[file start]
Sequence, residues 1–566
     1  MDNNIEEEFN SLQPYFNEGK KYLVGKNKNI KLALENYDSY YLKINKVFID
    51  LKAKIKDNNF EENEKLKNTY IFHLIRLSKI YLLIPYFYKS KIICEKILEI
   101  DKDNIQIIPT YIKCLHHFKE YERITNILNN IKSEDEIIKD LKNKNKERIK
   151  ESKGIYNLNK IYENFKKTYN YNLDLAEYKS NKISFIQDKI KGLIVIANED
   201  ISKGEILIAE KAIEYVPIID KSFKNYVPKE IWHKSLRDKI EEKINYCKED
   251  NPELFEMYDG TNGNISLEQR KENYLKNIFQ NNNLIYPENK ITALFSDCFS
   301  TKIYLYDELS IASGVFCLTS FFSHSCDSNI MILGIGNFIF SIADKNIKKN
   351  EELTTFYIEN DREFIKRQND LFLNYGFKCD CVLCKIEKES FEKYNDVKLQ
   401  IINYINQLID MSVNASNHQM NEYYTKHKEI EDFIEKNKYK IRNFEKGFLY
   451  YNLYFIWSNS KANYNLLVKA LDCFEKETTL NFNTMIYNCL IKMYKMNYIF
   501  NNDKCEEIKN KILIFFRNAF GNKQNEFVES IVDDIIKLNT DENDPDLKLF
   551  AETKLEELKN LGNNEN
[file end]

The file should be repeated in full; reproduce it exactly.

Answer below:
Sequence, residues 1–566
     1  MDNNIEEEFN SLQPYFNEGK KYLVGKNKNI KLALENYDSY YLKINKVFID
    51  LKAKIKDNNF EENEKLKNTY IFHLIRLSKI YLLIPYFYKS KIICEKILEI
   101  DKDNIQIIPT YIKCLHHFKE YERITNILNN IKSEDEIIKD LKNKNKERIK
   151  ESKGIYNLNK IYENFKKTYN YNLDLAEYKS NKISFIQDKI KGLIVIANED
   201  ISKGEILIAE KAIEYVPIID KSFKNYVPKE IWHKSLRDKI EEKINYCKED
   251  NPELFEMYDG TNGNISLEQR KENYLKNIFQ NNNLIYPENK ITALFSDCFS
   301  TKIYLYDELS IASGVFCLTS FFSHSCDSNI MILGIGNFIF SIADKNIKKN
   351  EELTTFYIEN DREFIKRQND LFLNYGFKCD CVLCKIEKES FEKYNDVKLQ
   401  IINYINQLID MSVNASNHQM NEYYTKHKEI EDFIEKNKYK IRNFEKGFLY
   451  YNLYFIWSNS KANYNLLVKA LDCFEKETTL NFNTMIYNCL IKMYKMNYIF
   501  NNDKCEEIKN KILIFFRNAF GNKQNEFVES IVDDIIKLNT DENDPDLKLF
   551  AETKLEELKN LGNNEN